The State’s 3rd motion for a gag order asks Judge Nelson to put an end to the defense effort to poison the jury pool by assassinating Trayvon Martin’s good character with false evidence and innuendo publicized after the jury pool of 500 people have received their notices to report for jury service on June 10, 2013.

It is no accident that the defense waited until after the 500 potential jurors were served with their notices, but before they report for jury service. Therefore, this was a deliberate tactic to create an unringing the bell problem regarding false, irrelevant, and inadmissible evidence.

A gag order will not unring the bell.

This is quite possibly the sleaziest tactic that I have ever seen. To intentionally poison a jury pool a couple of weeks before trial with false and misleading information about the victim of a homicide calculated to incite and unite White racists to approve of the execution of an unarmed Black teenager is astonishing.

These two lawyers are fortunate that I am not Judge Nelson because I would jail them for contempt of court and file complaints against the bar association requesting their disbarment from the practice of law.

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Can Shellie Zimmerman testify against her husband in his murder trial

April 20, 2013

Saturday, April 20, 2013

Good morning:

Today’s topic will be the husband-wife marital privilege. What is it? What does it cover? How does it apply to Shellie and George Zimmerman?

The husband-wife marital privilege is an evidentiary rule that protects confidential communications between spouses from disclosure to third parties. The purpose of the rule is to encourage open communication between spouses without fear that one spouse may be forced under penalty of law to disclose what the other said.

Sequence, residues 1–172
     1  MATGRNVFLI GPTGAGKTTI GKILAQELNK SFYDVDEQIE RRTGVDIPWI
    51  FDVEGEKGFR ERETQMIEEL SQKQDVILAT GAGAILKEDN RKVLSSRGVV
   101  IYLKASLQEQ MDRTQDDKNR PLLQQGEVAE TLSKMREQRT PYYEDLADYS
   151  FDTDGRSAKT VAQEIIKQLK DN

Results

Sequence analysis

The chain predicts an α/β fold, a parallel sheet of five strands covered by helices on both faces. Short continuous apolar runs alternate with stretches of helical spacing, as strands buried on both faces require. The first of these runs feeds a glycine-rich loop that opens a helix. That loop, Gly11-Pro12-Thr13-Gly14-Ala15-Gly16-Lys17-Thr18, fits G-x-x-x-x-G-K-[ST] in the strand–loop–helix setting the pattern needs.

The privilege does not apply to all communications; it only applies to communications that were intended to be kept confidential.

Not all confidential communications are protected. For example, in Florida there is no privilege:

(a) In a proceeding brought by or on behalf of one spouse against the other spouse.

(b) In a criminal proceeding in which one spouse is charged with a crime committed at any time against the person or property of the other spouse, or the person or property of a child of either.

(c) In a criminal proceeding in which the communication is offered in evidence by a defendant-spouse who is one of the spouses between whom the communication was made.

See: FL Stat. 90.504(3)

Open communications between spouses in the presence of other people are not confidential. For example, anything the defendant may have stated to his wife in the presence of another person, such as Mark or Sondra Osterman or Frank Taaffe, regarding his encounter with Trayvon Martin before or after the shooting would not be privileged.

Communications between spouses during recorded jailhouse telephone calls are not privileged when the parties are warned at the beginning of the call that it will be recorded.

I believe an interesting argument can be made, pursuant to FL Stat. 90.504(3)(c), that Shellie Zimmerman can testify about disclosures by her husband regarding the alleged murder since she is a “defendant-spouse.” Even though she is a defendant in a different case, the two are related matters.

Certainly the argument is more powerful regarding the admissibility of any statements that her husband may have made to her about her alleged perjury because it occurred at the defendant’s bond hearing in an effort to conceal substantial assets exceeding $100,000 from the court, including a second passport that the defendant may have been planning to use to flee the jurisdiction to avoid prosecution.

Flight to avoid prosecution is admissible to show consciousness of guilt and, as Judge Lester noted in his order setting bail, the evidence supported an inference that only the fortuitous attachment of an ankle bracelet with a GPS device prior to the defendant’s release from jail may have prevented him from fleeing the United States with a valid passport and more than $100,000 of other people’s money.